When EA announced the closure of Visceral Games, many took it as another sign that the industry was moving away from linear, single-player, story driven games, especially as it came to light that the Star Wars game in development there was being retooled into something bigger and broader in the games as service mold.
Find out why we believe single-player is here to stay.
While it’s certainly true that AAA development is moving increasingly toward types of games that can keep players hooked for longer, some folks feel that the rumors of single-player’s demise are greatly exaggerated. That includes former Visceral dev Zach Wilson, who tells GamesIndustry.biz that “the assertion that single-player linear games are going to disappear is totally absurd.”
“EA might not be the company that carries that torch,” Wilson continues, “but there are so many groups out there that are passionate about this kind of game that they won't go away. Personally I'd like to see fewer games with higher quality across the board, which is probably what will happen.”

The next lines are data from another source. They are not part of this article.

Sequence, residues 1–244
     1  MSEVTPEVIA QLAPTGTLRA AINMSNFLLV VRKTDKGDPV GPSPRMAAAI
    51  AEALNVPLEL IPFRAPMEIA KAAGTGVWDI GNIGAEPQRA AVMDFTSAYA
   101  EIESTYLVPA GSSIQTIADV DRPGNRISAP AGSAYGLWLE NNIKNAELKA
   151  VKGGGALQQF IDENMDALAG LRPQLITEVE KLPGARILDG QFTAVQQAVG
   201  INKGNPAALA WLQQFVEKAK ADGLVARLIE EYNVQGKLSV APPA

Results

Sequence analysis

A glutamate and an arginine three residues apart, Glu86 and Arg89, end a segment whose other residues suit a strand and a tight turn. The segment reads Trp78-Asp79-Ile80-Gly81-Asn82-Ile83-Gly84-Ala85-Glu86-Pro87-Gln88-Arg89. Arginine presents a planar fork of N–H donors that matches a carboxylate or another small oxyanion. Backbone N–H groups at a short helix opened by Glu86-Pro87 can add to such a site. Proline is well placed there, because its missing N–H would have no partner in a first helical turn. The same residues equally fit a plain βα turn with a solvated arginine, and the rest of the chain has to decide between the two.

Wilson made headlines in the wake of Visceral’s closure by revealing the high development costs and relatively low sales associated with the release of Dead Space 2. While he wasn’t at the studio at the time of its closure, he was there for many of Visceral’s biggest releases. “There's no one single narrative that can be derived from this event other than games are incredibly difficult to make,” he says, “and the fact that any game or movie gets made at all is a cause for celebration.”
Other developers have certainly taken up the torch for single-player, most notably Machine Games with Wolfenstein 2, who claimed that adding multiplayer modes to the game would “dilute” the overall experience. Bethesda in particular have stepped in to publish largely single-player focused titles like Wolfenstein, Prey, and Dishonored, though it remains to be seen if the sales of these titles will prove sufficient to keep them soldiering on.